• The above summary is not intended to describe each illustrated embodiment or every implementation of the present disclosure.
  • BRIEF DESCRIPTION OF THE DRAWINGS
  • The drawings included in the present application are incorporated into, and form part of, the specification. They illustrate embodiments of the present disclosure and, along with the description, serve to explain the principles of the disclosure. The drawings are only illustrative of certain embodiments and do not limit the disclosure.
  • FIG. 1 depicts a system for generating a label set from a plurality of label sets, consistent with embodiments of the present disclosure;
  • FIG. 2 depicts a flow diagram for generating a label set from multiple label sets, consistent with embodiments of the present disclosure;
  • FIG. 3 depicts edge weights and resulting selections for a label set graph, consistent with embodiments of the present disclosure;
  • FIG. 4 depicts a flow diagram for generating a label set from a plurality of label sets using a computer system, consistent with embodiments of the present disclosure; and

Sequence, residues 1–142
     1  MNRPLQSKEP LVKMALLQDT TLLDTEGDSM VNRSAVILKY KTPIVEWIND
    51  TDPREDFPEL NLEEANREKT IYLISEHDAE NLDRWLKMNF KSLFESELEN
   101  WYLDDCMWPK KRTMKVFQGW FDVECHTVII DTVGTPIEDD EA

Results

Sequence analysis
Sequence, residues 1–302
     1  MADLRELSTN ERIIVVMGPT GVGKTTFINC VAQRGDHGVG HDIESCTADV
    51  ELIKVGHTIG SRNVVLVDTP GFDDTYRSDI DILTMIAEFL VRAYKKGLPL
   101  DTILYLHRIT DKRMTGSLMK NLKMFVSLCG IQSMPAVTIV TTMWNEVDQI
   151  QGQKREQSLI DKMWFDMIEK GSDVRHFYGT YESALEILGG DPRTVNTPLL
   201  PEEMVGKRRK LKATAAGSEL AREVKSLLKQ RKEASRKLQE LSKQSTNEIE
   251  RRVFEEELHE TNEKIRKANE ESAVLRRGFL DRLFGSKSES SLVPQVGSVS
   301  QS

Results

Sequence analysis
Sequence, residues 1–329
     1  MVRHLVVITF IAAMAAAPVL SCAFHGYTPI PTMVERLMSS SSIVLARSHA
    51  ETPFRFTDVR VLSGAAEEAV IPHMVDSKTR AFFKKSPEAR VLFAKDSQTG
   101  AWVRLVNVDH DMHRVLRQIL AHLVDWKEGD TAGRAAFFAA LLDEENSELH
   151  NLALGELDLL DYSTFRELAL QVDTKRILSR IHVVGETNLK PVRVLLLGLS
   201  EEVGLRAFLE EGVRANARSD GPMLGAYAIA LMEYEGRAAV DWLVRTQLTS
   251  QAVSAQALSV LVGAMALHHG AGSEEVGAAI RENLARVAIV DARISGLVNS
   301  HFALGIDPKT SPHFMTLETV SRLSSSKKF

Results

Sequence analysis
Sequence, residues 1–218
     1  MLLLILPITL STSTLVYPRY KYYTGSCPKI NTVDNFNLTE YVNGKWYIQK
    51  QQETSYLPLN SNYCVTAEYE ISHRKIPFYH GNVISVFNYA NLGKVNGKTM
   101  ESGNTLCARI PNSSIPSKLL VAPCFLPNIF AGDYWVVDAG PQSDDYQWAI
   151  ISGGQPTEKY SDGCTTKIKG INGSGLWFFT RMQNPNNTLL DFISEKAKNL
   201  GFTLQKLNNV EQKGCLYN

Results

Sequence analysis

• FIG. 5 depicts a high-level block diagram of a computer system 500 consistent with various embodiments of the present disclosure.
  • While the invention is amenable to various modifications and alternative forms, specifics thereof have been shown by way of example in the drawings and will be described in detail. It should be understood, however, that the intention is not to limit the invention to the particular embodiments described. On the contrary, the intention is to cover all modifications, equivalents, and alternatives falling within the spirit and scope of the invention.